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“Ransomware Killed My Baby”: Lawsuit Raises Issue Of CyberSecurity-Breach Disclosure Liability

“Ransomware Killed My Baby”: Lawsuit Raises Issue Of CyberSecurity-Breach Disclosure Liability

A hospital suffering through a ransomware attack failed to provide proper care for an expectant mother and her newborn child, leading to the child’s death, according to a lawsuit filed in the US State of Alabama.

Springhill Medical Center, a hospital in based in Mobile, Alabama, was hit with ransomware during the summer of 2019; the cyberattack crippled the medical facility’s information systems, causing multiple computer systems and networks to be unusable for over a week – the same period of time during which Teiranni Kidd entered the facility in order to give birth to a daughter, Niko. During the ransomware-inflicted technology outages, Teiranni claims, the number of medical professionals who would normally “monitor her labor and delivery was substantially reduced and important safety-critical layers of redundancy were eliminated” at least in part because the hospital allegedly adopted on an emergency basis an outdated “pen and paper” system for managing patient care. According to the lawsuit, the computer system outages dramatically reduced the level of care provided to both mother and child, contributing to the newborn Niko suffering brain damage that ultimately led to her death less than a year later.

According to the plaintiff, the hospital was negligent (as was the delivering physician) in addressing a dangerous situation. The hospital, Teiranni claims, failed to inform her of the ransomware attack – or of the seriously adverse impact that the attack had on the hospital’s computer systems; the lawsuit claims that had Teiranni been aware of the extent of the ongoing IT problems, she would have gone elsewhere to deliver her child. The hospital, however, argues that it had no legal responsibility to provide Teiranni with any details vis-à-vis either the cyberattack or any resulting technical difficulties, and that the facility continued to provide high quality medical services throughout the period of time during which it endured ransomware-inflicted system outages.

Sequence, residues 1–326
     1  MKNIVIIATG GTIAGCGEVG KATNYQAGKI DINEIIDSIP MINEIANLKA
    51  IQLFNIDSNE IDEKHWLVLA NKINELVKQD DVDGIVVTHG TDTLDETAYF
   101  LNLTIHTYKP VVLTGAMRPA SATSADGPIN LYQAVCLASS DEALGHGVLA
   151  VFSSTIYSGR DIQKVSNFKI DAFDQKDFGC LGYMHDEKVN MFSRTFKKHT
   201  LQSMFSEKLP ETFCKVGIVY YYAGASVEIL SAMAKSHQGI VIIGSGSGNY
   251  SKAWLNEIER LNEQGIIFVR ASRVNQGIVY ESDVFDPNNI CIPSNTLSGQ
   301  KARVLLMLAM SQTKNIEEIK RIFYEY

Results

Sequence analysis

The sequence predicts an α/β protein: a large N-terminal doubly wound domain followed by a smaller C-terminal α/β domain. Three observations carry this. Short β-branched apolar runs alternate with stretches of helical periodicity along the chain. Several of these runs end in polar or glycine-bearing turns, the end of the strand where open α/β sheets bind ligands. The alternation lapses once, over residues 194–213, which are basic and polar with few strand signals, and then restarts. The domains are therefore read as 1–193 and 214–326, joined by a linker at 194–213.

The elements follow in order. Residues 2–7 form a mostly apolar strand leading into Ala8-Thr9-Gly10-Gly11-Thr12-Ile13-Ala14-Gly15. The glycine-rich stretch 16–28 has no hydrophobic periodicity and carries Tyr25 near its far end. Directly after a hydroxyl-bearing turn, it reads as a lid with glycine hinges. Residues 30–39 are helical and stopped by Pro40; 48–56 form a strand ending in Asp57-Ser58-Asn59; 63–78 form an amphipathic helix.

According to the Wall Street Journal, text messages between the hospital’s chief OB-GYN physician and the nurse manager on the delivery floor at the time of Teiranni’s labor and delivery appear to indicate that the former was not notified of Teiranni’s condition prior to Niko’s delivery, and that had she been notified, she would have recommended delivering Niko by Caesarean Section rather than a natural delivery.

While the Springhill Medical Center incident is by no means the first case in which ransomware is claimed to have contributed to a human death (although in at least one such case it appears likely that the patient might have died even without the impact of the ransomware), it may be the first case to head into a US courtroom. And it potentially raises to the forefront multiple important issues – such as the ethical and legal question of whether parties suffering through cyberattacks should be responsible to disclose their situation to potential clients, as well as to inform potential clients of possible impacts to services. Likewise, what responsibility should apply if a hacked party sincerely and reasonably believes that the relevant attack will not significantly degrade its performance — and, furthermore, what exactly is considered “sincerely and reasonably”? Additionally, should situations in which system failures could reasonably endanger human life and health – such as in a hospital setting – be treated differently than other types of breaches?

Whatever happens in the Springhill case, there is little doubt that courts around the world – and even across the United States – will shed much more light on such matters in the near future, and that conflicting judicial opinions will likely lead to the crafting of long overdue legislation.

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